Switzerland and the United States are the biggest promoters of financial secrecy according to an index published today by the Tax Justice Network (TJN). The index ranks countries based on their level of secrecy and the percentage of financial services provided to non-residents.
|Top 10 jurisdictions:
Switzerland, a well-known tax haven, whose practices were uncovered by ICIJ’s 2015 Swiss Leaks investigation, is still the worst offender as far as financial secrecy is concerned, according to TJN’s analysis. “Switzerland has delayed the implementation of automatic information exchange, and in 2017 lawmakers attempted to stop it altogether with countries they deemed ‘corrupt’,” the report noted.
As for the United States, it has refused to take part in international efforts to curb financial secrecy and instead set up a parallel system that seeks information on U.S. citizens abroad but does not provide data to foreign countries. Several U.S. states are also considered tax havens including Delaware, which doesn’t tax intangible assets such as intellectual property, patents or trademarks. “More than 66 percent of the Fortune 500 have chosen Delaware as their legal home,” claims the state’s Division of Corporations website.
The 2018 release confirms the long-term picture, that the richest and most powerful countries have continued to pose the greatest global risks.
This is not new. The U.S. ranked third in TJN’s 2015 secrecy index. Back in 2016, Mark Hays, senior adviser with Global Witness, told the Washington Post, “we often say that the U.S. is one of the easiest places to set up so-called anonymous shell companies.” Last month, a Bloomberg article referred to America as “one of the world’s best places to hide money from the tax collector.”
“The 2018 release confirms the long-term picture, that the richest and most powerful countries have continued to pose the greatest global risks – with Switzerland and the U.S. established as the key facilitators of illicit financial flows,” said TJN chief executive Alex Cobham.
Some of the criteria used to build the index include the absence of a public register, harmful tax residency rules and whether the system allows for bearer shares, which obscure ownership.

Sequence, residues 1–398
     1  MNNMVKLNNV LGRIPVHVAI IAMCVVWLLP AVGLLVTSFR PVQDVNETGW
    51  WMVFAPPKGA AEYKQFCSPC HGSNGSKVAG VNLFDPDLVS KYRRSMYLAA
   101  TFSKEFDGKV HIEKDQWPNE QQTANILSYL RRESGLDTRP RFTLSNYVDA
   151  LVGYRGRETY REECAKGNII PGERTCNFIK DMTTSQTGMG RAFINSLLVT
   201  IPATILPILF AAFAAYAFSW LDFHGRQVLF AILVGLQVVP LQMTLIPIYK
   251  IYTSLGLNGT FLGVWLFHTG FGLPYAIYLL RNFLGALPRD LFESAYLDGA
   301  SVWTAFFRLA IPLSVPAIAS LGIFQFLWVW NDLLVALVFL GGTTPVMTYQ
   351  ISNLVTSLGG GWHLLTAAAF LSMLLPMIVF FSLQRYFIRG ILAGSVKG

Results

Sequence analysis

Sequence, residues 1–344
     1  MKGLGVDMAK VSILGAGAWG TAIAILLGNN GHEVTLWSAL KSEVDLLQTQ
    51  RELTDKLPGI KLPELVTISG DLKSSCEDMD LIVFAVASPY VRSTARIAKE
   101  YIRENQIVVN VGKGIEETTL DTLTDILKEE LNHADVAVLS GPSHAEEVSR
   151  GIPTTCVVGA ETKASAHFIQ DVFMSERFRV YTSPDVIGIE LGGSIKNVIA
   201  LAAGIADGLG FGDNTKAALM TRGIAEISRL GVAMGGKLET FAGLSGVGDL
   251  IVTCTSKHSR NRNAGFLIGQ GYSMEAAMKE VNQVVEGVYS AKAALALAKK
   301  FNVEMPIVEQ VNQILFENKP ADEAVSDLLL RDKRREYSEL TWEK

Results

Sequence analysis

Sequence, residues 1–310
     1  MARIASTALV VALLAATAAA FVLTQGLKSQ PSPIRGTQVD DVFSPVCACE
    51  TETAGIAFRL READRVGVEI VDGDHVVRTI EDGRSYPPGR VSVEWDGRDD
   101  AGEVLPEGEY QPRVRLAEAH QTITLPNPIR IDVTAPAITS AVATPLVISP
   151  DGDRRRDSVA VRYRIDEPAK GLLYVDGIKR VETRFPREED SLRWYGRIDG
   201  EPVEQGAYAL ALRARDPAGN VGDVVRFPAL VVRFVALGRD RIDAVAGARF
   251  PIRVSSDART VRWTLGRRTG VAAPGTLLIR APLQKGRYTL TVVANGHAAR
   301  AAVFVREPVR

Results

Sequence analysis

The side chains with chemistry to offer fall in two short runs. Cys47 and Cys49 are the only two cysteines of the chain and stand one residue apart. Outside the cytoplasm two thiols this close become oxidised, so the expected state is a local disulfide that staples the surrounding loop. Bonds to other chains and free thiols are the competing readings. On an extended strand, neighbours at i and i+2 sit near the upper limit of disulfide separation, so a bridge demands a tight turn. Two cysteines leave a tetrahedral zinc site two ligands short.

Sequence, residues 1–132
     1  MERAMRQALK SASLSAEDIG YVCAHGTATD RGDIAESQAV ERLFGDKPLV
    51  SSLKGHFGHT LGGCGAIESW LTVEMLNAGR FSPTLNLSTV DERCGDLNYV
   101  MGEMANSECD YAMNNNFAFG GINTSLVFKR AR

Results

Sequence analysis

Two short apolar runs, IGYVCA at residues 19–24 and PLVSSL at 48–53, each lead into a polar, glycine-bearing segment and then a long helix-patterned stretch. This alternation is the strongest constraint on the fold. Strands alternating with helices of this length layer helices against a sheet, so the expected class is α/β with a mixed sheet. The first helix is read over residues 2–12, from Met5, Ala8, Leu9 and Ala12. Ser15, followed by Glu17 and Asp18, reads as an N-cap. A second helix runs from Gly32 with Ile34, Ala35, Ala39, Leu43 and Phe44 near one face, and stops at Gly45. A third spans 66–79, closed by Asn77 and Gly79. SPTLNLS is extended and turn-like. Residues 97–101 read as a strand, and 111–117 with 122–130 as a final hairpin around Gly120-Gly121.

TJN noted some improvements since the 2008 financial crisis, most notably the automatic exchange of information that will be implemented in 2018 for many countries, including the Bahamas, Samoa and St. Kitts and Nevis. The report also underlines increased public pressure in favor of public registers of companies’ owners.
Yet, in the meantime the European Union, put together a blacklist of 17 secrecy jurisdictions last month, only to delist eight countries a few weeks later, including Panama (ranked 12 on the secrecy index) and Macao (ranked 22). In addition, members of the EU themselves rank high on the secrecy index: Luxembourg, the Netherlands, Malta and Germany are among the top 20 jurisdictions promoting financial secrecy. As for the United Kingdom, it continues to shelter financial secrecy through its crown dependencies, including tax havens Guernsey (ranked 10), Jersey (ranked 18) and the Isle of Man (ranked 42).
Among the countries that are new on the TJN list are Kenya, with a very high secrecy score of 80%, even higher than Mauritius (72%), which is one of Africa’s most high-profile tax havens. Although Kenya ranks high (9) on TJN’s secondary index based on secrecy only, it is much lower on the main index (27), given its rather small market share. This “is an example of how interests of western financial service lobbyists have successfully lured governments into a race to the bottom,” said the report.
“The damage being done to public services around the world is incalculable, and the violations in human rights are severe, whether this be through a lack of access to clean drinking water in sub-Saharan Africa or the pressures facing public health services in the UK and U.S.,” said Liz Nelson, TJN Director responsible for the Tax Justice and Human Rights program.